On the 16th January I was back with my own crew and flew with them to the town of Brux. This was an oil target with a round trip time of nine and a half hours. This was over towards the Polish area.

On the 1st and 2nd February we attacked the towns of Siegen and Karlsruhe. Both these trips were bright moonlit nights which made it much easier for the German night fighters to attack us when we were silhouetted against the moon. We did experience interference from night fighters and as always the anti aircraft fire was very intense. On the Karlsruhe trip, out of our 18 aircraft we lost 4 that night.

On the 7th February we went to Ladbergen in order to attack the Dortmund-Ems canal. On this occasion we only carried 1000lb bombs with no incendiaries in the hope that we inflicted as much damage as possible to the canal.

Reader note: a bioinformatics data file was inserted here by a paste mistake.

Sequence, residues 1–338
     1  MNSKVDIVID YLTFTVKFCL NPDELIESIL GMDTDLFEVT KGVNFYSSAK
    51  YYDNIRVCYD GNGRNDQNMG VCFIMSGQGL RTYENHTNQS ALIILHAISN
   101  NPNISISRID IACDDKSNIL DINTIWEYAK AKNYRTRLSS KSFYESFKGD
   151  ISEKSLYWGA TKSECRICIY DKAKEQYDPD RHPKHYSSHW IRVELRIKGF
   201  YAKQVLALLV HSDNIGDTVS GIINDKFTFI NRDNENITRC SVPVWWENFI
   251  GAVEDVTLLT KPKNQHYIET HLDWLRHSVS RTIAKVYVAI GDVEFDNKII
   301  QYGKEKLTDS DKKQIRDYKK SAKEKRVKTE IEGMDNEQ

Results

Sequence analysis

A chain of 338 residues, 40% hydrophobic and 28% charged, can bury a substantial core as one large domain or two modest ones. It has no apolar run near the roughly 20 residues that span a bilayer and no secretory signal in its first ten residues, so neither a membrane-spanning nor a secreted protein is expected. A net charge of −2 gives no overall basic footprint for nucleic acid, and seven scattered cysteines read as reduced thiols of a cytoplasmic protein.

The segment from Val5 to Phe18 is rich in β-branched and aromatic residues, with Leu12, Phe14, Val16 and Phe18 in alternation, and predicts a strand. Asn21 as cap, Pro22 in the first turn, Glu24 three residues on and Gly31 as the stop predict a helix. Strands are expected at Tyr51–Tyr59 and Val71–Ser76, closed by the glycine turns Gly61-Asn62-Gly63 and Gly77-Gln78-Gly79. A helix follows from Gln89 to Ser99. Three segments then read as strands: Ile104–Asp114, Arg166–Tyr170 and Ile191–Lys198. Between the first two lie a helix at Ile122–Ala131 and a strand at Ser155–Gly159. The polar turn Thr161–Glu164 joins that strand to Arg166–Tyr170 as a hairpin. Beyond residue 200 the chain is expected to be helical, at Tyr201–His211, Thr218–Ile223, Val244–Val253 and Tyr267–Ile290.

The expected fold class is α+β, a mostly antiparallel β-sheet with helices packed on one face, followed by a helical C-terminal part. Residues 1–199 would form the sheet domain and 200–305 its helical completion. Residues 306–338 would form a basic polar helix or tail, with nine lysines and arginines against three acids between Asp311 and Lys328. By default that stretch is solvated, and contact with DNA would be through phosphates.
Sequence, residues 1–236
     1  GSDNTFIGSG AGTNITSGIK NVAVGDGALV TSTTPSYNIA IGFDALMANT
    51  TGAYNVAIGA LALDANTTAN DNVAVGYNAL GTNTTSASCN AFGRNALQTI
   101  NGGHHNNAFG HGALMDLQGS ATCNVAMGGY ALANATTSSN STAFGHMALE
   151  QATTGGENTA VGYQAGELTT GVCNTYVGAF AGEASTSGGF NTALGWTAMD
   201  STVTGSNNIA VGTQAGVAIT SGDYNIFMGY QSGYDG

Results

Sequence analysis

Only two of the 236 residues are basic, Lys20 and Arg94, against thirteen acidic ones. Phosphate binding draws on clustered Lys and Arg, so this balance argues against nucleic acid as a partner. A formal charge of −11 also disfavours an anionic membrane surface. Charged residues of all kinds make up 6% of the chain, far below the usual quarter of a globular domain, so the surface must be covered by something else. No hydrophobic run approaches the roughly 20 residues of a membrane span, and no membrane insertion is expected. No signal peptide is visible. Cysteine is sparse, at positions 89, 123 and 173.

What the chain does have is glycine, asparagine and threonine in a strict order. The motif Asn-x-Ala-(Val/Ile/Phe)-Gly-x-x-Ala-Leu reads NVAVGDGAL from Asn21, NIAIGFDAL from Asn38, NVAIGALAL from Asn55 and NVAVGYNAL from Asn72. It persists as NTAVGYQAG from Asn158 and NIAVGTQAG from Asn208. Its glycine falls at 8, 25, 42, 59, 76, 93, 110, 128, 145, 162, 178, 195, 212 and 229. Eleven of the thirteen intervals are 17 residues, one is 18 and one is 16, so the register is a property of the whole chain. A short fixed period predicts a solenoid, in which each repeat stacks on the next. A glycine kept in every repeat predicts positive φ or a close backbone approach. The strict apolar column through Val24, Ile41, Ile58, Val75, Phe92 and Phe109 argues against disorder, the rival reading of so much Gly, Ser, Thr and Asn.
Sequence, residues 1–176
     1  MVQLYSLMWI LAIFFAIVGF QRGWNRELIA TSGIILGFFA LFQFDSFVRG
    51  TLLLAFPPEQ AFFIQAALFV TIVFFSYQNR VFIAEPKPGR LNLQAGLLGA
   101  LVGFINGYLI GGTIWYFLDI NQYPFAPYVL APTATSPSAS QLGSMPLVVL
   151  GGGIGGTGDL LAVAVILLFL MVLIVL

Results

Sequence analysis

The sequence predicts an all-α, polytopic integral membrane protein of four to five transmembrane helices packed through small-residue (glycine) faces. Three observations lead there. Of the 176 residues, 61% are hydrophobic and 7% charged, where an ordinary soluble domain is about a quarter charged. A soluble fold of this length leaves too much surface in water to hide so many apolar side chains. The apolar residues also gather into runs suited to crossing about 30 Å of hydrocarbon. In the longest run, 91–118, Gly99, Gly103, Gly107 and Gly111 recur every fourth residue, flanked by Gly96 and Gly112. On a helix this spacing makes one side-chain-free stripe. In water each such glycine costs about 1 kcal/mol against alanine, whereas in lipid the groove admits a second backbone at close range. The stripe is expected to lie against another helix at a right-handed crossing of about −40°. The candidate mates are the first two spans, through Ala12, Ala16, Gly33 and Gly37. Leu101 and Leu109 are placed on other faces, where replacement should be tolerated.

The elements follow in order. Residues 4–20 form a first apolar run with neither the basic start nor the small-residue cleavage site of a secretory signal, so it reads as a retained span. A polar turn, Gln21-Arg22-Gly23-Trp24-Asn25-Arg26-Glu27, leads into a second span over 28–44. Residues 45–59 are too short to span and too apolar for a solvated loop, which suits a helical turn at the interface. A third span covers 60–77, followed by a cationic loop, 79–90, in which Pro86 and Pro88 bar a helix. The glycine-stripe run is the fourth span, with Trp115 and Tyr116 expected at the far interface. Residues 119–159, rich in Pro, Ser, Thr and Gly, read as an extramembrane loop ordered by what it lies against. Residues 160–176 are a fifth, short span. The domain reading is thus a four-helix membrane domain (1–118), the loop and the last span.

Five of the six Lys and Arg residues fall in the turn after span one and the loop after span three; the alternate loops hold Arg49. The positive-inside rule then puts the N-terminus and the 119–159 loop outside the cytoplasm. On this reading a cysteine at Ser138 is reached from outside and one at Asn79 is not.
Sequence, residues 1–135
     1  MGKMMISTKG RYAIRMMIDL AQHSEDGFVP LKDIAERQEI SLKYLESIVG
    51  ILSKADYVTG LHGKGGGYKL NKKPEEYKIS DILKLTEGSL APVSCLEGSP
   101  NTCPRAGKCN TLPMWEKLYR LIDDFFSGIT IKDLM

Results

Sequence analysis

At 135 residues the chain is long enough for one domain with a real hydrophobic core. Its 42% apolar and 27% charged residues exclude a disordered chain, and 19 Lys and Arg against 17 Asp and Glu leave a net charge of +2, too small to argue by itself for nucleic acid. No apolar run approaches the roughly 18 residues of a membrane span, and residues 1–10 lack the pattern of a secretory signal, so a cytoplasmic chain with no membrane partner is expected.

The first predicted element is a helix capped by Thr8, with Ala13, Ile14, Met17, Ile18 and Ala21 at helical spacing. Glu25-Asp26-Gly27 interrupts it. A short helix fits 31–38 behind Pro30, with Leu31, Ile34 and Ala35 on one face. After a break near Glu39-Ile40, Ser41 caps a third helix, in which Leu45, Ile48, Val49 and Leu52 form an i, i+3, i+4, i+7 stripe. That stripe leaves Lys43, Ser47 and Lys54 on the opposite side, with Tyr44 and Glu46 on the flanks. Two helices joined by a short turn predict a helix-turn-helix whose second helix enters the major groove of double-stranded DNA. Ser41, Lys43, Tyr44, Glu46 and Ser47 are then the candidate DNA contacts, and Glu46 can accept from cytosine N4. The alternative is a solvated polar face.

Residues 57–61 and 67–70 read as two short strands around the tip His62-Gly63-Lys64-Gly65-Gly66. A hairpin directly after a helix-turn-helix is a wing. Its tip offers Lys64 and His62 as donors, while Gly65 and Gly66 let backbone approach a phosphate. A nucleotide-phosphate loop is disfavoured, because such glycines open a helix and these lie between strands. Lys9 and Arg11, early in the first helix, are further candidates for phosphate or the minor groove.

On the 13th February we had a very long trip to Dresden. This we were told was because the Russians had driven the German Army back and it was encamped in Dresden. This was termed as a “Russian Army co-operation raid”. The American Airforce had been operational during the day and had bombed the target so by the time we were arriving around midnight, the town was ablaze.

We were successful over the target but did encounter a lot of the usual anti aircraft and fighter aircraft. On the way back to base over the Alps we were icing up and had to go down as low as possible which was a tricky operation being amongst the mountains. However we were once again able to make it back to base.

[page break]